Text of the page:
When you experience swelling and pain, you’re in the acute phase of an injury. But “by reducing the swelling, there’ll be less pressure on the pain receptors, and that will make the pain hurt less,” says Eric Sampson, MPT, the physical therapy director at Spine and Sports Medicine in New York City. In a Howcast video online, Sampson explains that ice reduces the swelling around the tissue or joint area and moves you onto the next stages of injury recovery.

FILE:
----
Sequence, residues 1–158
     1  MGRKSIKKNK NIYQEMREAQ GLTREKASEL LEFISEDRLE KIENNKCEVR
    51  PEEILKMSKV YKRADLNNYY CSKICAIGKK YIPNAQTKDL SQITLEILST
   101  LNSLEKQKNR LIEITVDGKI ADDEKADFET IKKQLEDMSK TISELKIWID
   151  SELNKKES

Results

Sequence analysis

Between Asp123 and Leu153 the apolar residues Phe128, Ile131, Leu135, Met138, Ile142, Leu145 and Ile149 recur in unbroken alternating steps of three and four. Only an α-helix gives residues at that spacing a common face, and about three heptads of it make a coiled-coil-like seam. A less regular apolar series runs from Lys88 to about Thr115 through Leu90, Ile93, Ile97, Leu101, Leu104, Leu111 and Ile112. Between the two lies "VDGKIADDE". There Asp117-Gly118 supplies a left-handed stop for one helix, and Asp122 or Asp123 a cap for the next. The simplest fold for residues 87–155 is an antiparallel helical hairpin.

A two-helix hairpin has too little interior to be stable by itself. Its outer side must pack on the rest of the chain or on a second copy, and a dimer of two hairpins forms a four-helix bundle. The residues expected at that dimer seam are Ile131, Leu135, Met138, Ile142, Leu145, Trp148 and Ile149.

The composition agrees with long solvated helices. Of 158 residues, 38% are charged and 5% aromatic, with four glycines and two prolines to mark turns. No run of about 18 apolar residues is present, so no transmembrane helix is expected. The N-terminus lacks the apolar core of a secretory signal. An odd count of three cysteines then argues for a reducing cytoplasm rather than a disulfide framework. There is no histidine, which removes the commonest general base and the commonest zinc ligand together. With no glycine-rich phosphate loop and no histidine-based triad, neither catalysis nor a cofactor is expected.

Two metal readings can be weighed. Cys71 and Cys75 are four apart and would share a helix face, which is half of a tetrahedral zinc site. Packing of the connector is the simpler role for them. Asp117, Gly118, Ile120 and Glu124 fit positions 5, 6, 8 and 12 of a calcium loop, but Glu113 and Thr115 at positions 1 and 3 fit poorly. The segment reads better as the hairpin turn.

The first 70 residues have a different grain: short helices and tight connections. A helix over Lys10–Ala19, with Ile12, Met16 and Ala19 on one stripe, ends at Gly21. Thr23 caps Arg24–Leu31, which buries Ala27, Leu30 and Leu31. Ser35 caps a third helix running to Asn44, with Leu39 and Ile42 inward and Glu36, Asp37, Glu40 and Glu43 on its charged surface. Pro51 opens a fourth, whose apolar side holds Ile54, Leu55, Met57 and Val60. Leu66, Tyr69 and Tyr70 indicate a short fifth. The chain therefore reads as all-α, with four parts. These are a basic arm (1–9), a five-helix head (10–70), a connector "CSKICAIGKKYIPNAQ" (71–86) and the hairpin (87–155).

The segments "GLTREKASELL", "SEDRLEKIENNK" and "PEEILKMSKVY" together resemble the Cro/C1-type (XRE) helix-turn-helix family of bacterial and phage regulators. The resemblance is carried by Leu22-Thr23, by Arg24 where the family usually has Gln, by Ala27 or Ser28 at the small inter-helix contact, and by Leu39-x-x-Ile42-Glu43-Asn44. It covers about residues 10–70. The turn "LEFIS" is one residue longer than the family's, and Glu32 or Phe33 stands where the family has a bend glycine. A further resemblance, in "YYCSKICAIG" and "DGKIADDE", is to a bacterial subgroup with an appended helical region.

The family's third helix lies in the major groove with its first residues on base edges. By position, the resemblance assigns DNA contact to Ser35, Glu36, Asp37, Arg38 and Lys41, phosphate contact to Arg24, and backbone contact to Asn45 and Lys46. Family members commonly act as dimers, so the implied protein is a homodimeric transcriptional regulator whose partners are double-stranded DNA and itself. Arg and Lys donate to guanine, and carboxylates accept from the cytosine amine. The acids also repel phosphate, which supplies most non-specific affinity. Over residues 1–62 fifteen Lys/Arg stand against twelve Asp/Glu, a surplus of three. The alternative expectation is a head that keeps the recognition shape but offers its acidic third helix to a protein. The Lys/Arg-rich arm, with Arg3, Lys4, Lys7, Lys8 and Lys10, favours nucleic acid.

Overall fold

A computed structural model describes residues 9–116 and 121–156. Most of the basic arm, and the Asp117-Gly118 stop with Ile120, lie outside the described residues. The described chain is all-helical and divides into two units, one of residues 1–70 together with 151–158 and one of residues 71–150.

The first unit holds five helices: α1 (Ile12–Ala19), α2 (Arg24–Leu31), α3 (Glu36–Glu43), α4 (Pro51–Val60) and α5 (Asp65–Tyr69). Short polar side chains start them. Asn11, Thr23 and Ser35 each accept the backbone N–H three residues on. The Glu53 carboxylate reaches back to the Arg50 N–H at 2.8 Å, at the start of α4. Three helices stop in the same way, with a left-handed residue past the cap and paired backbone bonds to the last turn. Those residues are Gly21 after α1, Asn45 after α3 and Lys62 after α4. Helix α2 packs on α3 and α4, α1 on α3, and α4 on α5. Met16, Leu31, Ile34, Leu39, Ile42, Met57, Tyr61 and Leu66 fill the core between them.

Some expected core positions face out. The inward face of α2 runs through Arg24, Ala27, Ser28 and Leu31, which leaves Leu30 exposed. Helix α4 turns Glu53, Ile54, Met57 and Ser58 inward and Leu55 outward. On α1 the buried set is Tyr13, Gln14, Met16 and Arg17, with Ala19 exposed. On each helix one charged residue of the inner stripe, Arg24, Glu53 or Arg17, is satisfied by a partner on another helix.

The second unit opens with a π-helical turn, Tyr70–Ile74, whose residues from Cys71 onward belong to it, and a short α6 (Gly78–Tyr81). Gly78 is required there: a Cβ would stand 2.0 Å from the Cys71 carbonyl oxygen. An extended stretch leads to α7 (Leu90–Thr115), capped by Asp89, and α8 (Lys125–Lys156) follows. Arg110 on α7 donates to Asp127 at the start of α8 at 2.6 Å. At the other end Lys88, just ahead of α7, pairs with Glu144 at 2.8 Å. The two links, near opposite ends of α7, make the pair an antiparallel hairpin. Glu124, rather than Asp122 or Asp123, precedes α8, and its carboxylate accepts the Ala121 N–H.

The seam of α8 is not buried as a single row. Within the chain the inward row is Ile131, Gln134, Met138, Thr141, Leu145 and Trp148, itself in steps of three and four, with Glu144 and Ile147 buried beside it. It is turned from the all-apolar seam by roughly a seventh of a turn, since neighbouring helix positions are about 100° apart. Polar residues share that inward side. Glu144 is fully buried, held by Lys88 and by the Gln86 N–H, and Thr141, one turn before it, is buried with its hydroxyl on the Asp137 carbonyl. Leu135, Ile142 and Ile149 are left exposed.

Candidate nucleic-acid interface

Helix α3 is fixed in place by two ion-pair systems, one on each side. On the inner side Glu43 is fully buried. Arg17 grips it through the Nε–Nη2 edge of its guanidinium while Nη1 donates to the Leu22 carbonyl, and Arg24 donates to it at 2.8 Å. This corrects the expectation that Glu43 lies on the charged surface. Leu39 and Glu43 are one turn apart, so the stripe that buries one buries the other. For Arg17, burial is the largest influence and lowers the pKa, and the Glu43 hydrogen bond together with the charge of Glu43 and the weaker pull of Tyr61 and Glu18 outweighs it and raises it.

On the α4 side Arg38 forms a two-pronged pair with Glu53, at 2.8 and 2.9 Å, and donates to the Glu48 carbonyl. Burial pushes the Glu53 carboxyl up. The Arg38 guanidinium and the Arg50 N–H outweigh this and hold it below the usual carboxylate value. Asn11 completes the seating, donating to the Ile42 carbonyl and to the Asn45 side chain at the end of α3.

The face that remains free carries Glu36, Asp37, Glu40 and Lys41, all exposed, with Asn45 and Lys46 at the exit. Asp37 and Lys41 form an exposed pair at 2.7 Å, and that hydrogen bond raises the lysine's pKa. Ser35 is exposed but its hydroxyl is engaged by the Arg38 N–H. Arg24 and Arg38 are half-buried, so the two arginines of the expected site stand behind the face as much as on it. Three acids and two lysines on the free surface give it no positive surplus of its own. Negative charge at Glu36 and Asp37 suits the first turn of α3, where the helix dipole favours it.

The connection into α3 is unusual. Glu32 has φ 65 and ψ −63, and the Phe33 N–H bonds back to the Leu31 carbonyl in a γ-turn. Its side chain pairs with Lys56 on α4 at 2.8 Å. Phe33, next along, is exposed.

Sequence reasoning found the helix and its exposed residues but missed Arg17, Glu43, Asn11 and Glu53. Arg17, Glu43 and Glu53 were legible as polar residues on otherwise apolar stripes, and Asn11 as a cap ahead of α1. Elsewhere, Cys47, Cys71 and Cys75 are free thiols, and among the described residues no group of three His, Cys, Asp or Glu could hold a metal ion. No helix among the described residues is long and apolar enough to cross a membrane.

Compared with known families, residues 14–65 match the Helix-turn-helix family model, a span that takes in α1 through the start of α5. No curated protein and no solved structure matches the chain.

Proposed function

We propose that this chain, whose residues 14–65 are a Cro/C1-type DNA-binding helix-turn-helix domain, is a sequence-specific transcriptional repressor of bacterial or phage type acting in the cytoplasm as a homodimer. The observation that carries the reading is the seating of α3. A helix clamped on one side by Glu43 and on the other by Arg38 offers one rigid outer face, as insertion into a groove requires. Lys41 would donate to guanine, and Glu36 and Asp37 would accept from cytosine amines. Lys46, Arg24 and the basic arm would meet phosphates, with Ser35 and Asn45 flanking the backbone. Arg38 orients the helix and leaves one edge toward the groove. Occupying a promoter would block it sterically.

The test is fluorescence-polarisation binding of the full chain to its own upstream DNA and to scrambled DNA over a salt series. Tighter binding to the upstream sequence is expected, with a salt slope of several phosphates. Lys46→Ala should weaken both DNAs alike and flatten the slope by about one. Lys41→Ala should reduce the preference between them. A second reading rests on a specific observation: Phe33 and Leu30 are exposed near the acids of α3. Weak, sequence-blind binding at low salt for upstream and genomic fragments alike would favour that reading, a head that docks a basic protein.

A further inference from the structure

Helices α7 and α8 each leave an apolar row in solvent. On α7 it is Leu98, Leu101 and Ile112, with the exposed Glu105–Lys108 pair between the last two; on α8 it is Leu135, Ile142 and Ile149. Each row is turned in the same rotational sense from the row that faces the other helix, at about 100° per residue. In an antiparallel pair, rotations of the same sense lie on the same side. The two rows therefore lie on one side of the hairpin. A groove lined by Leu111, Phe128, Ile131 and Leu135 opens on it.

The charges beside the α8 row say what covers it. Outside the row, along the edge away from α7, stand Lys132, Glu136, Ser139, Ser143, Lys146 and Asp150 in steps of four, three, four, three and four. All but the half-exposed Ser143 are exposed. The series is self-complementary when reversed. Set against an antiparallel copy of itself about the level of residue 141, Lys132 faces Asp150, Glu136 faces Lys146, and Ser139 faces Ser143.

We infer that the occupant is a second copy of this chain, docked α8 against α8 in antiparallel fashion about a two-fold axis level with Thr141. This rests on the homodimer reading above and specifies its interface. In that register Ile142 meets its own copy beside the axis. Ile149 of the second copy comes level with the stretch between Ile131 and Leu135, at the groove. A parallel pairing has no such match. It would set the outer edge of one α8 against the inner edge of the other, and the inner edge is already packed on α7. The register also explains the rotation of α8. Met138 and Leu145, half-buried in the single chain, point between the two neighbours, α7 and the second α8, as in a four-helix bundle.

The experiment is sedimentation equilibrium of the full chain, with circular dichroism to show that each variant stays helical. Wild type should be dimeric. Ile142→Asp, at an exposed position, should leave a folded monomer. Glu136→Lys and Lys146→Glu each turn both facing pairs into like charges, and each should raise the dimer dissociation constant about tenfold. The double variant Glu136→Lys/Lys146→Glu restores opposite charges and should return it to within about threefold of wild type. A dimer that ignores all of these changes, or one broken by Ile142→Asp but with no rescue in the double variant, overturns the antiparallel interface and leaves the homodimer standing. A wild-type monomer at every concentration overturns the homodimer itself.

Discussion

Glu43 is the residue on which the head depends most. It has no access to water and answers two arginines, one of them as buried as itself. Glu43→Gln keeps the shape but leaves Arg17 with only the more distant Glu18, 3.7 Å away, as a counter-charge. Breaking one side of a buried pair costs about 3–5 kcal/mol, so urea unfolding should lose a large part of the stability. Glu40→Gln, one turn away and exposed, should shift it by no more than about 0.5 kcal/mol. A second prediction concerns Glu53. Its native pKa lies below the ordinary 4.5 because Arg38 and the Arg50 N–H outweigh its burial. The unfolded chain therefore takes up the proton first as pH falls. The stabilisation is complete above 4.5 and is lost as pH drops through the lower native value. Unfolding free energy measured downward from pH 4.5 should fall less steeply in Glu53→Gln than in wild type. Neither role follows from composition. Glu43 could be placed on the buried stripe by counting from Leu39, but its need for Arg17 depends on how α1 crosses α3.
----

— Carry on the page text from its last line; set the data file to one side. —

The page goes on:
During this rehabilitative stage, heat can soothe and relax muscles that are stiff and sore. “Heat promotes blood to the area,” Sampson says, “so it can help with the last phase of your healing.”

But depending on how bad the injury is, don’t use heat for the first three days after getting hurt, Sampson says.

Also, use ice or heat only in 15- to 20-minute intervals. And never place it directly on the skin.